This starts with a thorough identification of people’s attitudes and behaviors regardingdigital identity (KYC ) and access to an online service. We need to take the time to understand our customers, their needs, their motivations and the challenges they face when using our products and services.
We know this because our customer relations department at Netheos puts a lot of effort into talking directly to our customers and observing them using our products. Thanks to this data, we have been able to adapt and improve our user experience to meet a wide variety of needs, environments and use cases (from blockchain technology to online gaming, banking and insurance, etc.).
In doing so, we made a surprising observation: A truly frictionless experience is not necessarily the optimal outcome in the identity and document verification process, for compliance and risk mitigation.
When the removal of this friction compromises other usability constraints, such as user safety and security (or promotes the risk of electronic fraud), it can actually be detrimental to users and companies alike, especially when designing highly critical systems.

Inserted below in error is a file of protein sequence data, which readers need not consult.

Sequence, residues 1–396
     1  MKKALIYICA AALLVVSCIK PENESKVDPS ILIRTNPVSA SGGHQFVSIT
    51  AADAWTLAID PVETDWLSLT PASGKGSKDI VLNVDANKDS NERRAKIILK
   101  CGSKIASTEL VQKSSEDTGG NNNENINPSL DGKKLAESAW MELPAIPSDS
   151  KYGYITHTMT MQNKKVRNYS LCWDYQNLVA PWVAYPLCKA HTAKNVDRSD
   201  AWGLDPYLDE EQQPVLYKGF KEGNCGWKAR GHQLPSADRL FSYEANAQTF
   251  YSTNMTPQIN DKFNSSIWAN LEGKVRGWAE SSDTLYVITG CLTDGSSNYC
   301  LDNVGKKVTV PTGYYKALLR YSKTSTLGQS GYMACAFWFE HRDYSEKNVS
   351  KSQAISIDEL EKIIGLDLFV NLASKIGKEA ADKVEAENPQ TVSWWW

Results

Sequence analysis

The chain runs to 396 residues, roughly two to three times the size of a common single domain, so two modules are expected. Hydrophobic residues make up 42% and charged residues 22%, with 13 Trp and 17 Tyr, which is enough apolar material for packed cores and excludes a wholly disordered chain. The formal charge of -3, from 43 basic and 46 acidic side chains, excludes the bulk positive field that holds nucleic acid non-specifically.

The addition of a strategically designed on constraint can guide users through onboarding, setting them up for success, and ensuring that your company has the strongest signals for making security decisions (fraud, etc.). In our work at NETHEOS, we’ve seen first-hand the benefits of adding intentional, well-designed friction moments for our users.
Customer experience: the locksmith paradox
There’s an excellent example of this phenomenon called the Locksmith Paradox, which can be paralleled to improving KYC and customer experience.
When a locksmith is new, he’s slow. But as he becomes more proficient, he can develop a process that allows him to look at the lock and find the solution in 5 seconds. But this will have an impact on the customer in three ways:
There’s an emotional impact: the customer will be embarrassed that it was so easy and that he wasted the locksmith’s time.
This changes the customer’s perception of value: he’ll be immediately annoyed at having to pay so much for five seconds’ work, and is likely to be frustrated: it’s a guarantee of never seeing him again.